This nomination, in combination with Roberts, will have a huge impact in a thousand ways for the future of our country. I have to agree with Dr. Dobson in that no one can really "know absolutely about matters of integrity and philosophy until a jurist is given the tremendous power and influence of their position." Let us all hope that Bush is keeping his promise to nominate originalist judges who will "not use the bench to write social policy." It's all on his word at this point.
Here is the round-up:
Rush Limbaugh:Tags: Harriet Miers, Miers, SCOTUS, News, Current Affairs, Religion, Media, Culture, News and politics,
"This is a pick that was made from weakness. There was an opportunity here to show strength and confidence, and I don't think this is it. There are plenty of known quantities out there who would be superb for the court." More Maha Rushie quotes
Harriet Miers isn't a Justice Souter pick, so don't be silly. It is a solid, B+ pick. The first President Bush didn't know David Souter, but trusted Chief of Staff Sunnunu and Senator Rudman. The first President Bush got burned badly because he trusted the enthusiams of others.
The second President Bush knows Harriet Miers, and knows her well. The White House Counsel is an unknown to most SCOTUS observors, but not to the president, who has seen her at work for great lengths of years and in very different situations, including as an advisor in wartime. Leonard Leo is very happy with the choice, which ought to be enough for most conservatives.
As I wrote last night, Judges Luttig and McConnell are the most qualified nominees out there, but I think from the start that the president must have decided that this seat would be given to a woman, and it is very hard to argue that she is not the most qualified woman to be on the SCOTUS for the simple reason that she has been in the White House for many years.Marvin Olasky:
(WorldMagBlog has good posts on both pro and con views on the nomination)
People are asking whether I support the Miers nomination. OK: I wish W had chosen one of the judges with a clear, on-the-record, conservative judicial philosophy, and then been willing to fight it out. In the absence of a clear record, it's important to know who a SCOTUS nominee's friends are. Since Nathan Hecht is a good friend of Miers and also a good guy, that's significant. So is the opposition of other thoughtful conservatives. Overall, this time, I'm in the "we report - you decide" camp. We'll put on this blog, and in World when we go to press on Thursday, views by credible people on both sides.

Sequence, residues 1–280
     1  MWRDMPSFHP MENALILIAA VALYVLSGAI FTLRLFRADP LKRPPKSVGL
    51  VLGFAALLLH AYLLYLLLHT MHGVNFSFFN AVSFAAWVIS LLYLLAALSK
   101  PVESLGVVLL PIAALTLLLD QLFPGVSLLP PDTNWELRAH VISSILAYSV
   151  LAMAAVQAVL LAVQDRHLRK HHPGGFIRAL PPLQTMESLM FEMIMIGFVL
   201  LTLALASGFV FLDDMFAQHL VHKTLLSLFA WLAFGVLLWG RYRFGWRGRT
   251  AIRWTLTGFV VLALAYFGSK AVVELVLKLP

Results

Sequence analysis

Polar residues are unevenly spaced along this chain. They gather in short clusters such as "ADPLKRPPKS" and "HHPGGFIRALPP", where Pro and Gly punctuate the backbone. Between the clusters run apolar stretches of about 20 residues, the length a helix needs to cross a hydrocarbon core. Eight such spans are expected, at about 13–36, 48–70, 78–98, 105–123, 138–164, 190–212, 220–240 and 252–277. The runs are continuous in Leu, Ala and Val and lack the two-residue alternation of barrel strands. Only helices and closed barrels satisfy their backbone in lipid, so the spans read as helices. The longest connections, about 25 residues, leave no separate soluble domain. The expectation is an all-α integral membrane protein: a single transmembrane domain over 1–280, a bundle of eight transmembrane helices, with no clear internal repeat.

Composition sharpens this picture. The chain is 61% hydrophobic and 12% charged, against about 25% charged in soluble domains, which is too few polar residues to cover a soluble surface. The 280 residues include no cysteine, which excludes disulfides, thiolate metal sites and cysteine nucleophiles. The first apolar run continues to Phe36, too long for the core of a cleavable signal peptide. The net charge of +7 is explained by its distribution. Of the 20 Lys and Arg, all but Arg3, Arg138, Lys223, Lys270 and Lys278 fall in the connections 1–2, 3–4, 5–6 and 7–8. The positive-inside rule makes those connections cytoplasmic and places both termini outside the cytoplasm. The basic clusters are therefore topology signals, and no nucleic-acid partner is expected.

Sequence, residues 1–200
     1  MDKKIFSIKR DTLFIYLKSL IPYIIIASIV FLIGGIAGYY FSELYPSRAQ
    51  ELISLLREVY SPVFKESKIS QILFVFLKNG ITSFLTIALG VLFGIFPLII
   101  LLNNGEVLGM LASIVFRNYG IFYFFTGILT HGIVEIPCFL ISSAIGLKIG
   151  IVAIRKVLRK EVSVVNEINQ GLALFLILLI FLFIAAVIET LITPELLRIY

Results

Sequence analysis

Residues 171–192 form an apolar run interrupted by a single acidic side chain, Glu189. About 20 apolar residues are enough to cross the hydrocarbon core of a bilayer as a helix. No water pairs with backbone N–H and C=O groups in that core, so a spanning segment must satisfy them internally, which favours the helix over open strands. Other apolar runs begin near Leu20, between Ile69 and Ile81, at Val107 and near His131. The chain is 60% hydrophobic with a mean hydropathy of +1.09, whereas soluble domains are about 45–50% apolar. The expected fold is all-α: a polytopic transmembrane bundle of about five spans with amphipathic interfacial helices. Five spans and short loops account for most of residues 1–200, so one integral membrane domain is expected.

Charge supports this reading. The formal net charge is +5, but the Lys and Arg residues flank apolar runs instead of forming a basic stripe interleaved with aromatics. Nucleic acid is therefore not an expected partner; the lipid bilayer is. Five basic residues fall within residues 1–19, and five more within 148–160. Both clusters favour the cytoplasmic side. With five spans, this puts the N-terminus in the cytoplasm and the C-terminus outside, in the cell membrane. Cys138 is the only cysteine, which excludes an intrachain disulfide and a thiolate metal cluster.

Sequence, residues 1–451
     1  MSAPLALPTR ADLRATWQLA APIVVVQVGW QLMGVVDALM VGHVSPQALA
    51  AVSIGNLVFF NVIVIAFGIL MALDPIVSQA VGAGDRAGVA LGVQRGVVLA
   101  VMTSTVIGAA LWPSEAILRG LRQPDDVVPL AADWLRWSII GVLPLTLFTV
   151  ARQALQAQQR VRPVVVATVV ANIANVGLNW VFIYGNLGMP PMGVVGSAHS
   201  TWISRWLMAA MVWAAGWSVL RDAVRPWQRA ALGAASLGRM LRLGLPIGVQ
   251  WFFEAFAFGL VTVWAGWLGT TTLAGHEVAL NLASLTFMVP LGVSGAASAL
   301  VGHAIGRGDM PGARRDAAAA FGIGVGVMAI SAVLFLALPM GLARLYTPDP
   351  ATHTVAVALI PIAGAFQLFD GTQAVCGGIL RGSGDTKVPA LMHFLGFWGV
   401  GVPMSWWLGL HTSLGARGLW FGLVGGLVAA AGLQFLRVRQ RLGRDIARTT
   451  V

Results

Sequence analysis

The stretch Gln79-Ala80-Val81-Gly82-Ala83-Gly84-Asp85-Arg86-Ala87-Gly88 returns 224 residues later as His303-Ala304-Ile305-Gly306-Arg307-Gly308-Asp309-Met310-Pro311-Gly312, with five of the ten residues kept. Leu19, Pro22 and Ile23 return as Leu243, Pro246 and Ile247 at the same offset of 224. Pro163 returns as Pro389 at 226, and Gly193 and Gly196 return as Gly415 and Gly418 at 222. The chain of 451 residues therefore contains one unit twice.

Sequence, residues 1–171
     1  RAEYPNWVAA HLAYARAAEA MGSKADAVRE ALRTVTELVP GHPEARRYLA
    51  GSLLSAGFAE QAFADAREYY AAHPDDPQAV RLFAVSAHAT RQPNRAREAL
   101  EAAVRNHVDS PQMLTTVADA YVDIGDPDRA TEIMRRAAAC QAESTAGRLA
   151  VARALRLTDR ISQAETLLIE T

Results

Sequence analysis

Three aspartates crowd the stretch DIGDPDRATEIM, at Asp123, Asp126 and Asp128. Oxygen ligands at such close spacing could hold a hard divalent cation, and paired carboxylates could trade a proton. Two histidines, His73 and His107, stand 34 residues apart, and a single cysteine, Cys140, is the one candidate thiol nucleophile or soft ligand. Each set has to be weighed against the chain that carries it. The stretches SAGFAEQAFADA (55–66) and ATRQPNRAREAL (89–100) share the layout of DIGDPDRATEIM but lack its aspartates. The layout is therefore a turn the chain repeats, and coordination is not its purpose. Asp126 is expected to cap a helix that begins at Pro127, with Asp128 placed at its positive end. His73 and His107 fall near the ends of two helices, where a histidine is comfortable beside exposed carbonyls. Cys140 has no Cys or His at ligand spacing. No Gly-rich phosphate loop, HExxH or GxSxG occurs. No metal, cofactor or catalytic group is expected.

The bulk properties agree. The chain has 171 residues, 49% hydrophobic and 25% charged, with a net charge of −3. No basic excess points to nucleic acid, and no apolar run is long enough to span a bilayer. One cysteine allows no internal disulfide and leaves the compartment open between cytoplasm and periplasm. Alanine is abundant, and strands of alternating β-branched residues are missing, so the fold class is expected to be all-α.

Dr. James Dobson: (Statements via U.S. Newswire)
"We welcome the president's nomination of Harriet Miers to the U.S. Supreme Court. He pledged emphatically during his campaign to appoint judges who will interpret the law rather than create it. He also promised to select competent judges who will 'not use the bench to write social policy.' To this point, President Bush's appointments to the federal bench appear to have been remarkably consistent with that stated philosophy. Based on the information known generally about Harriet Miers, and President Bush's personal knowledge of her, we believe that she will not prove to be a lone exception.
"On the other hand, one cannot know absolutely about matters of integrity and philosophy until a jurist is given the tremendous power and influence of their position. As Lord Acton said: 'Power corrupts, and absolute power corrupts absolutely.' Sadly, that seems to have happened to Justices Souter and Kennedy. All we can say now is that Harriet Miers appears to be an outstanding nominee for the Supreme Court.
"We look forward to learning more about her at the confirmation hearings."